Sandbagged!

Sandbagged!
Photograph by Steve Barnett

Wednesday, 10 November 2010

Charles Cotton's Black-Fly!


No it is not a Fifth Edition! it is only a Seventh...
In 1676 Charles Cotton had it as one of the pretenders to the crown of "Mayfly" but it came in Bronze Medal position after the Stonefly (Silver Medal) and the Drake (Gold Medal).  It is superb as a Hawthorn Fly and seems not to suffer through a lack of legs and wings.

Click on the image and click again to see it larger


Here is how Charles Cotton described the dressing:


See how few words he needed to describe the dressing.  For the sake of clarity here below will be a somewhat longer description...









With the hook in the vice masking the point, this is a size 14 Edgar Sealey, run on a short bed of black thread like so, leaving a space behind the eye.

Tie in some fine silver braid ("silver twist")

Tie in the silver braid as you continue the bed of thread down to the bend.  At the bend tie in one black herl from an Ostrich feather.

Run the thread back to the start of the body.  Wind the herl in close touching turns to make a flue brush shaped body and tie it in behind the hook eye.

Snip off the waste ostrich herl and tie in the black cock's hackle as shewn with the dull, concave side facing you.

Snip off the waste hackle stalk and wind the thread back to the front as shewn
 
Wind the first four turns as close touching turns, the same as you would do for a plain hackled fly and then wind the hackle down over the body in open spiralled ribbing turns to the bend.  Tie in the hackle very tightly with the silver braid (this is why the braid was tied in at the middle of the hook with lots of turns to anchor it safely for this tight tying).  Carry on tightly winding the silver braid up the fly in open ribbing turns finishing at the eye next to the thread.  Tie in the braid with the thread and snip off the excess braid.

Make a bold head with a tight whip finish and varnish it well.  Use the waste hackle point from your pliers to pull through the eye whilst the varnish is still wet.

The finished Charles Cotton's Black-Fly
 This is one of those flies that just goes on and on catching fish. It works so very well whenever fish are aware of food that is black, being able to represent beetles as well as various flies both terrestrial and aquatic. It is also a very good fly to use at night when facing west and the water is lit the same colour as the sky. In fact the first time I ever used it was in desperation on Derbyshire's Derwent. I couldn't see my fly so tried the Black Fly in an attempt to see it against the reflected night sky on the water's surface. It was so effective it was still catching fish after midnight.Towards the end of the Hawthorn Fly's season use this fly in bigger sizes 12 or even 10 and DO USE A HEAVY TIPPET.  By the end of the Hawthorn's time the fish have learnt to grab these terrestrial casualties quickly and firmly as they may escape.  You need hardly strike in these conditions, the fish will often hook themselves.  In any case the rises are so violent a fine tippet is asking for trouble.  I use nothing lighter than 5x (about 5lbs BS Co-Polymer) at this exciting time.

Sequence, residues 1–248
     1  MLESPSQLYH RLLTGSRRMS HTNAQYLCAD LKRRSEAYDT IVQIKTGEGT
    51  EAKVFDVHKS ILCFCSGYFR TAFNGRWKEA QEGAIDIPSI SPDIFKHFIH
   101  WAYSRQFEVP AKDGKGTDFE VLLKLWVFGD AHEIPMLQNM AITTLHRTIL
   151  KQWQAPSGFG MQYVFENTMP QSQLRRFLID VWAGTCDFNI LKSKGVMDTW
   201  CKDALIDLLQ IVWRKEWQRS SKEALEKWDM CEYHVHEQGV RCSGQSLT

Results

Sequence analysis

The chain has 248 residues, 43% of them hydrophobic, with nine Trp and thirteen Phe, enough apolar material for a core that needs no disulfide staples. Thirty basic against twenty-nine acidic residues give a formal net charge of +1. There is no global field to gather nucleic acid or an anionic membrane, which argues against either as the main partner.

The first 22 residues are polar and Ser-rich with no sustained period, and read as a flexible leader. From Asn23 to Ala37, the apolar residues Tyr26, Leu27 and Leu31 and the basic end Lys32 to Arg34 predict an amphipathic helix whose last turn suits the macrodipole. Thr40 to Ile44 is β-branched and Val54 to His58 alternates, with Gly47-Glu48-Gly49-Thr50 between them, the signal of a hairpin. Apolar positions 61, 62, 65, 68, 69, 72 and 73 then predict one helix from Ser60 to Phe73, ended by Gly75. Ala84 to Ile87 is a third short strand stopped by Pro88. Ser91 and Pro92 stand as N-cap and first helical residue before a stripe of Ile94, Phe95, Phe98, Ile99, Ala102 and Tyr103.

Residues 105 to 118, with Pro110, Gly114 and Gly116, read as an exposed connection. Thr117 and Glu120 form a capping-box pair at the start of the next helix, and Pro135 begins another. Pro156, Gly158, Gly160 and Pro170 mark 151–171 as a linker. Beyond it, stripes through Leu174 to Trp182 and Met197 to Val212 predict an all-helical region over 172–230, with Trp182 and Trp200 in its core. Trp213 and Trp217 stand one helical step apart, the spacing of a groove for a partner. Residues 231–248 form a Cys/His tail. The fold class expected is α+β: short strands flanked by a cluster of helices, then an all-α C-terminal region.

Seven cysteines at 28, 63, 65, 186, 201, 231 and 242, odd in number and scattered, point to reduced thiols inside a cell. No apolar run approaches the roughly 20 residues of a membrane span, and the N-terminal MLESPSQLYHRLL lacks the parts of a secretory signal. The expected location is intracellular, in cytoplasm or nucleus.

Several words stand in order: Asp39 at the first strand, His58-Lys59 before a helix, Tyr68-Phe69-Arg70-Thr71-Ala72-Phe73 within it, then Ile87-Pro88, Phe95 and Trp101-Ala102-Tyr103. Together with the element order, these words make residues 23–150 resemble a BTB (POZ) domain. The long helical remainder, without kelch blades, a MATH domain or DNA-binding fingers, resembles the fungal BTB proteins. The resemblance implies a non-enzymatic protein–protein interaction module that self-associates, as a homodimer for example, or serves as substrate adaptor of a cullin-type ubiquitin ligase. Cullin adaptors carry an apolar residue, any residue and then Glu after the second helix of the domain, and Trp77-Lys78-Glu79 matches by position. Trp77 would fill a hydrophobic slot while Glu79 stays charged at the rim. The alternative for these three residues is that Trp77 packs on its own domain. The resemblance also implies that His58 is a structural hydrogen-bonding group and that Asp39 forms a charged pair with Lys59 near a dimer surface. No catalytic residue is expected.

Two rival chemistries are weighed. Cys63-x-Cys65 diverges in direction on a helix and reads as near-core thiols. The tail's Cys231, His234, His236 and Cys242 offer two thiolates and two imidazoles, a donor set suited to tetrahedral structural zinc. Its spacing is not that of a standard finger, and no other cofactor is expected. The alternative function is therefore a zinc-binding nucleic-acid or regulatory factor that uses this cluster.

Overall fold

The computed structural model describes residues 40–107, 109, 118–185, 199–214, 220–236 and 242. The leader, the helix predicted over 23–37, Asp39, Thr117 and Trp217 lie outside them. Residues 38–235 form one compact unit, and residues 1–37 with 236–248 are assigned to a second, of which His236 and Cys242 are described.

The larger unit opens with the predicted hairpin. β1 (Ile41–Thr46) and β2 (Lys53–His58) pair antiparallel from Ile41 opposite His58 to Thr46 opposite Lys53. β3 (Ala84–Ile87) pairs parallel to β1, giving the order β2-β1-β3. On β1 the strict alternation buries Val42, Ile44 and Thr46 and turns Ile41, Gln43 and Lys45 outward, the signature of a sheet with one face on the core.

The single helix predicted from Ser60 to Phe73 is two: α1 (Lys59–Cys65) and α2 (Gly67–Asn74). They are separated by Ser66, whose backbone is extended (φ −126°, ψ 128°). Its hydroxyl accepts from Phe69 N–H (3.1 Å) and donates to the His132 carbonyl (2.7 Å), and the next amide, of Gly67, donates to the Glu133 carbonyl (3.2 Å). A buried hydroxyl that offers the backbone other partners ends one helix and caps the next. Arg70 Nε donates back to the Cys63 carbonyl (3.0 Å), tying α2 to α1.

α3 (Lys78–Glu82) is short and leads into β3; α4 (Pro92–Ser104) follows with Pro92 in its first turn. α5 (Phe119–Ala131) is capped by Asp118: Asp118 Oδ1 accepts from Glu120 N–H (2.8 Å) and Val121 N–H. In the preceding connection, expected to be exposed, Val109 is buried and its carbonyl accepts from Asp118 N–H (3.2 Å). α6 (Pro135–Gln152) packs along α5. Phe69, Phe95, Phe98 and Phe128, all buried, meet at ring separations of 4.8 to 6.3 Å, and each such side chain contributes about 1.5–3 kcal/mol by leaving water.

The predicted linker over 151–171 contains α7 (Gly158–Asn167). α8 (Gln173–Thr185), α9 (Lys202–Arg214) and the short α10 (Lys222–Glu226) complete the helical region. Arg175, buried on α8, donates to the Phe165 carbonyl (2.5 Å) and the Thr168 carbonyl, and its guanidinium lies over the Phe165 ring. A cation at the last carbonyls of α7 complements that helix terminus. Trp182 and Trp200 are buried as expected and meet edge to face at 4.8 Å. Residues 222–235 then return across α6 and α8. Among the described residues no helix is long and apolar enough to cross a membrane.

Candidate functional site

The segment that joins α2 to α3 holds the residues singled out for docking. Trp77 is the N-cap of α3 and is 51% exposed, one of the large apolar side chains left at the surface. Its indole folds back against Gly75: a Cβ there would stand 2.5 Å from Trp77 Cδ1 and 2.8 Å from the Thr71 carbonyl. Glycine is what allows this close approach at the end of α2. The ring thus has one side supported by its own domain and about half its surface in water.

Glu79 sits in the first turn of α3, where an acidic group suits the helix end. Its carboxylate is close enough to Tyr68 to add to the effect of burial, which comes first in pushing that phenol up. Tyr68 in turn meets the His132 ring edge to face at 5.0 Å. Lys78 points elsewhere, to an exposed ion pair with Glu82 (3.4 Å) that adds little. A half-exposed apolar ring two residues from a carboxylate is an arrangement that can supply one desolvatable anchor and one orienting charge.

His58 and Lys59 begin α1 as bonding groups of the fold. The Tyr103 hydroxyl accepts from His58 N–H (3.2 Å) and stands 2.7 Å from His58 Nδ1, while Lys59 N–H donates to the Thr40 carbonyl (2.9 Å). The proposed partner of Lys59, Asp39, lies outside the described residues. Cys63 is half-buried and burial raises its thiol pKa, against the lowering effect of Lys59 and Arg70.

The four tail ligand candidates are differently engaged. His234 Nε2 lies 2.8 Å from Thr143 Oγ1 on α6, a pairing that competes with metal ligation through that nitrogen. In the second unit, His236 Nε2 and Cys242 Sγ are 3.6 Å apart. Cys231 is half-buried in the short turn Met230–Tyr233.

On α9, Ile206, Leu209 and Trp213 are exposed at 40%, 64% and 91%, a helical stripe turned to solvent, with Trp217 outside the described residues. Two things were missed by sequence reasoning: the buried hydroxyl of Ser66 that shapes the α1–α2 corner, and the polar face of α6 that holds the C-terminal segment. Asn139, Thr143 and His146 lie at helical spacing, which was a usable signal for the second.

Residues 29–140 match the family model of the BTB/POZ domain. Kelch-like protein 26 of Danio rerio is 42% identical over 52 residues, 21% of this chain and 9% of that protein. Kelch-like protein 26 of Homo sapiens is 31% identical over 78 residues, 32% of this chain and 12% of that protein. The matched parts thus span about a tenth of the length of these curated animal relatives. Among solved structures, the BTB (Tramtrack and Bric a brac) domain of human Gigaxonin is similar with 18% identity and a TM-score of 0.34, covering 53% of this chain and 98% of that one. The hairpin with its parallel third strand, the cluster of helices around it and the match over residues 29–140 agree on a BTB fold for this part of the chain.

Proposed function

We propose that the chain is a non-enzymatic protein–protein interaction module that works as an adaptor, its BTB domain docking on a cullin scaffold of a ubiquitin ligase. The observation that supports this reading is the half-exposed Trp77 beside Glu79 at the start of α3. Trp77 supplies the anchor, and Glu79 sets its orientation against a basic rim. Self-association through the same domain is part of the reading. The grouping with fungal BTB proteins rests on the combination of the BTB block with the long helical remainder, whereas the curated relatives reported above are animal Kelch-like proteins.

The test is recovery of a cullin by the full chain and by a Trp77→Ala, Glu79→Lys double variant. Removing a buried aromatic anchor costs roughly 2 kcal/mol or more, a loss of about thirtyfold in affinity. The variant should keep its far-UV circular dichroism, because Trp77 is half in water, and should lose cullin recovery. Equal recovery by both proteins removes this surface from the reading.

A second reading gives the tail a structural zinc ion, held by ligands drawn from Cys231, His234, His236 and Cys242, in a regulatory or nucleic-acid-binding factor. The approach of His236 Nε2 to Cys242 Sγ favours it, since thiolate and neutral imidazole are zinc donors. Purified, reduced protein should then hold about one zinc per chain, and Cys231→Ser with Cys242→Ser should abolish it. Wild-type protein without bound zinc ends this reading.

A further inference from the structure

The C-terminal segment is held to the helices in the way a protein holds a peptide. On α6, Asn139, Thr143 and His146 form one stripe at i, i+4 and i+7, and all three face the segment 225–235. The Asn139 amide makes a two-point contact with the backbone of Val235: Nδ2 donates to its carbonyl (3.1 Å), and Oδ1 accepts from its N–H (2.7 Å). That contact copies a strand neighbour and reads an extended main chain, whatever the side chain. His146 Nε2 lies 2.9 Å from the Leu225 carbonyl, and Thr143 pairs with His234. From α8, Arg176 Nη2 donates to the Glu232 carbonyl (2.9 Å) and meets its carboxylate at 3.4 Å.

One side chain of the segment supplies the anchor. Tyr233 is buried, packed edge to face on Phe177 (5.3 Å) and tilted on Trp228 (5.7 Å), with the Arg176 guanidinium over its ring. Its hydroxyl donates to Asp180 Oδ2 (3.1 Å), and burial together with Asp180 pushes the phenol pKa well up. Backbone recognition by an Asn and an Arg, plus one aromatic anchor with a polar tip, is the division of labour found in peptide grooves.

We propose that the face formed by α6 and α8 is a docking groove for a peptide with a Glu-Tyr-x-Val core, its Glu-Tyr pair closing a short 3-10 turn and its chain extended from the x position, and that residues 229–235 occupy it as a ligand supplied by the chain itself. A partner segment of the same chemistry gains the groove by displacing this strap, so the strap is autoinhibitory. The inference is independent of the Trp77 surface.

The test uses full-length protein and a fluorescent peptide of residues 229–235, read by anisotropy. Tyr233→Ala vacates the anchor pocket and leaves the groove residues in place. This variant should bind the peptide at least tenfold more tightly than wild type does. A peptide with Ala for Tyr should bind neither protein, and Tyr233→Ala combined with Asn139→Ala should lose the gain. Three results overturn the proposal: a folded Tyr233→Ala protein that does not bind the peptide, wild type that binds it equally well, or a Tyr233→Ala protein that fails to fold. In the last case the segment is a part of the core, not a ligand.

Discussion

Regular Rod

8 comments:

  1. Great fly! I am asking for that trouble you mention, I would fish this fly in a 22 on 6 or 7x and have my way with a big fish! thanks for sharing this fly

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  2. You may find the materials are too big for a size 22. The Ostrich herl would likely block the gape of the hook although it might work with no herl, very fine silver wire and the shortest barbed hackles you can find from near the ear holes in the cape... If you can do it you would have a very good smut or black midge fake for those hot days in high summer.

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  3. Interesting fly, just shows how little things have changed..
    Interesting comment about the compleat angler BTW..
    Thanks

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  4. Excellent fly. Has served me well on the Usk. In the Compleat Angler after the Black fly is the Yellow Mayfly can you tell me if there is an SBS on the yellow mayfly. I have stood in the Usk and the hatch of yellow mays are an unbelievable sight.

    ReplyDelete
    Replies
    1. The forum has an SBS here:

      http://www.flyforums.co.uk/fly-tying-patterns-step-step/32763-yellow-may.html

      BUT...

      Before you go to a lot of trouble. Did you ever see any of those Yellow May Duns being eaten? I have heard of it but have never seen it.

      It got a mention in this blogpost:

      http://dryflyexpert.blogspot.com/2011/05/colours.html


      Regular Rod

      Delete
  5. Do Ostrich feathers have a substitute for this fly? I am just starting and have spent a LOT of money and do not have them in abundance. Where do you get your ostrich feathers anyway? Thanks for great educational posts!

    ReplyDelete
  6. Not sure if my post went trough.
    Thanks for sharing this great fly.
    Where do you get your ostrich feathers?
    Do they have any substitute for this fly?

    Thanks

    ReplyDelete
    Replies
    1. In the scheme of things ostrich herl is not expensive, probably because of ostrich farming for their meat (and feathers).

      I got mine years ago, (it lasts such a long time) from either Tom Saville's or Phil White when he owned Lathkill. Lathkill still gets very good reports from anglers on the fora.

      £1.80 for a piece that will make you a lot of flies.

      http://www.lathkill.com/shop/index.php?productID=3948

      I wouldn't use a substitute as the herl works so well.

      Regular Rod

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